The most common goal, promulgated by Stephen King and his book, On Writing, is to craft a certain number of words each day. The master of horror reports to write 3,000 words every, single, day. Do the math; that's a lot of words at the end of the year. Over the course of a career as long as Mr. King's bestselling super-stardom, the total creative output staggers the imagination.
And I say it's totally doable.
Another method of prompting productivity is to track time. I was at the Oklahoma Writers Federation, Incorporated (OWFI) 2013 where a bestselling romance author mad this claim: "Show me a writer to writes twenty hours a week, and I'll show you a New York Times bestselling author." She went on to clarify this meant actual writing time, measured to exactitude, and not fiddling around with quasi-writing activities. "Time yourself, and turn the timer off when you get up to go to the bathroom..." (When I get home, I will dig out the workshop handout and credit the author who said this.)
For the last several years I have strictly logged word count and writing time. At the zenith of my efforts, I was putting in twenty-eight hours a week. Daily word count averages went up and down, depending on the level of editing I was doing. (I had negative word counts during many editing sessions, which I countered by writing a little something new on the side when I could.)
About six months ago, the numbers started to slide--twenty eight hours a week to ten hours a week, sometimes less. At first I blamed this on a change of work schedule, yet I had also resigned from two parts of my job that subjected me to call-outs anytime day or night. It had been my goal for nearly a decade to normalize my schedule, get into a steady routine, and really start to follow my dream. So now I have the same days off every week, at the same time each day, with one of my days actually landing on a real weekend (Saturday).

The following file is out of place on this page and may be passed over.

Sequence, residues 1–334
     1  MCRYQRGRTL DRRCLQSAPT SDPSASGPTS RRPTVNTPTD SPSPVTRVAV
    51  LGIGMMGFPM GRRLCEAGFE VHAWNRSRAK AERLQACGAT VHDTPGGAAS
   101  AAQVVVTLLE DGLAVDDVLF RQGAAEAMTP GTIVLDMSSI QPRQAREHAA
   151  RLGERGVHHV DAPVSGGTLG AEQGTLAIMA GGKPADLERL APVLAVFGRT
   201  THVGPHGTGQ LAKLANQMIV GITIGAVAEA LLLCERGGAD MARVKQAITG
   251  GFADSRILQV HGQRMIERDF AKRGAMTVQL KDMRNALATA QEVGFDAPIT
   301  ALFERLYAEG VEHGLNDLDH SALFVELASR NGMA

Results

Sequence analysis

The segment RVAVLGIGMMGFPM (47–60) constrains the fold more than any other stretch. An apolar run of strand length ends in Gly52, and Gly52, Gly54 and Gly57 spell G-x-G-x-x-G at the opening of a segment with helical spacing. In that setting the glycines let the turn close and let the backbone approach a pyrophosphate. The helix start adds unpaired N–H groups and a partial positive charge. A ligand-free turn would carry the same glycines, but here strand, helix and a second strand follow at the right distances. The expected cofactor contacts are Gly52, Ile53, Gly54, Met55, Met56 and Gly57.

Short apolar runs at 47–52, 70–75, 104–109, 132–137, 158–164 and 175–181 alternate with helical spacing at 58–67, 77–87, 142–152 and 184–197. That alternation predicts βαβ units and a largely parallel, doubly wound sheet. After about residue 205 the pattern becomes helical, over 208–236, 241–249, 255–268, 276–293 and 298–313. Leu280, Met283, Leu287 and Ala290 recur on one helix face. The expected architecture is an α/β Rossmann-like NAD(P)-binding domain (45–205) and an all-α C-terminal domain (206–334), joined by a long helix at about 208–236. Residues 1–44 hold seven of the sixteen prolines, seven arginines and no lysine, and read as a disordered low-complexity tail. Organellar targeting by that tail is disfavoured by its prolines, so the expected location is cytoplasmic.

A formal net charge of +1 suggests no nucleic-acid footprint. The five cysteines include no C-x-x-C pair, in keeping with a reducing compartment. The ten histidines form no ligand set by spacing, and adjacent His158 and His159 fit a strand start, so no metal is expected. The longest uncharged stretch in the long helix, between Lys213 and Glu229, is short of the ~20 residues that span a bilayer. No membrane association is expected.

Where has my time gone? Why is it so much harder to get a couple, or perchance a few, hours of solid time at the keyboard each day? There must be thousands of writers with the same challenge. I'd love to hear from you if you are one of them.
In the mean time, I am sitting down with pen and paper to simplify my goals in life. Stephen Covey would be so proud. I have been very goal oriented since grade school, so it amazes me that I haven't gotten this right. Perhaps I have too many interests (duh).
Today I will consider things I really need:
1) I need to spend time with my family,
2) I need to pay the bills,
3) I need to write,
4) I need to read,
5) I need to exercise,
6) I need to study martial arts (Brazilian Jiu Jitsu).
This is as short as I can make the list today. Unfortunately, number 2 takes a disproportionate amount of my time. Welcome to the American Dream, right?
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Thanks. Have a great day.